Queer heroes celebrated

Hamline University’s Spectrum recently held a collaborative exhibit that showcased Black and queer activists, some historical icons and others modern day heroes.

Robin Doyscher, Senior Reporter

Within the main lobby of Drew Fine Arts stood large displays with a diverse range of faces. Their backgrounds were all unique and varied, and yet the commonalities of their identities and hardships were communicated through thoroughly crafted information boards. The exhibit was a collaborative effort between Hamline QTIBIPOC (queer, trans, Black, indigenous people of color) and Love Boldly, an initiative campaign for LGBTQ+ inclusivity that is being hosted by Hamline’s Wesley Center.

Aidan Stromdahl
While at Spectrum’s Black and Queer’ exhibit, visitors could pick up a free copy of ‘All Boys Aren’t Blue’: A memoir written by activist George M. Johnson. The book, a series of personal essays written in 2020, explores childhood and the unique struggles of growing up Black and queer.

Starting with Angelina Weld Grimké (1880-1958), the exhibit discusses several periods in queer history where the fight for liberation was spearheaded by further marginalized communities in showings of intersectionality. Other figures such as Bayard Rustin, Marsha P. Johnson and Audre Lorde advanced feminist and pro-Black causes despite facing intense societal opposition.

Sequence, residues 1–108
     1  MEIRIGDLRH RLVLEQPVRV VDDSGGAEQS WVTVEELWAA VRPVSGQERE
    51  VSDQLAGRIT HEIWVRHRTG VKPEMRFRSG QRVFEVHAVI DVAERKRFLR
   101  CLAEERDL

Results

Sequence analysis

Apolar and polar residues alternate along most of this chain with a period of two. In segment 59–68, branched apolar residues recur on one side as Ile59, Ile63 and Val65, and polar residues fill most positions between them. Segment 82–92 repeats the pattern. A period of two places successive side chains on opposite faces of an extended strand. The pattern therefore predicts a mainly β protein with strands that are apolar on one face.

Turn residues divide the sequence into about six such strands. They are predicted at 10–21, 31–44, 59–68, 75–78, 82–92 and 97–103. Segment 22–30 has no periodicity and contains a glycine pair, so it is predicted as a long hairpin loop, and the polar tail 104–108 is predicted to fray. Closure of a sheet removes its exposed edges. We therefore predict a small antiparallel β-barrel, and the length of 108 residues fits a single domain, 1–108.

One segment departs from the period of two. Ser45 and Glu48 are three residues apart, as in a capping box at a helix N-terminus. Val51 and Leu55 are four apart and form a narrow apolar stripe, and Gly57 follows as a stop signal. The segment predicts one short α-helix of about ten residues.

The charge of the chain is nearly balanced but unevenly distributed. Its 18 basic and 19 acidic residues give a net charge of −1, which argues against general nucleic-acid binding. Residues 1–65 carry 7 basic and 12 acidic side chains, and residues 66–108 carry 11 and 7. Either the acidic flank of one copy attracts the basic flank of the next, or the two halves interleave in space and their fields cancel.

Other featured activists were Miss Major Griffin-Gracy, Dominique Morgan, Andrea Jenkins, Phillipe Cunningham, Janaya “Future” Khan, Patrisse Cullors and Dezjorn Gauthier. All names have notably founded organizations, contributed financially and protested to instill protections for the queer community. 

Several of the activists have also contributed art with prominence that has lasted for decades. Angelina Weld Grimké is noted for her status as an acclaimed playwright. Andrea Jenkins is an award-winning poet with a few collections of poems published.

Aidan Stromdahl
The exhibit is located in the Drew Fine Arts lobby and contains information on notable activists such as Phillipe Cunningham; the first openly transgender man to be elected to public office in the United States and councilperson for Minneapolis Ward 4.

One of the featured activists is even a prominent figure in Minnesota. Phillipe Cunningham is the first openly transgender man to be elected to public office in the United States, and the city councilperson for Minneapolis Ward 4.

The exhibit also gave free copies of ‘All Boys Aren’t Blue’ by George M. Johnson; this book is a memoir written by the award-winning author and journalist who reflects on his life as he grows into his queer identity. The book explores topics of bullying, societal expectations, relationships between men and the effects of the environment on personal development.

If you missed the exhibit, the displays are still available to view in Drew Fine Arts lobby.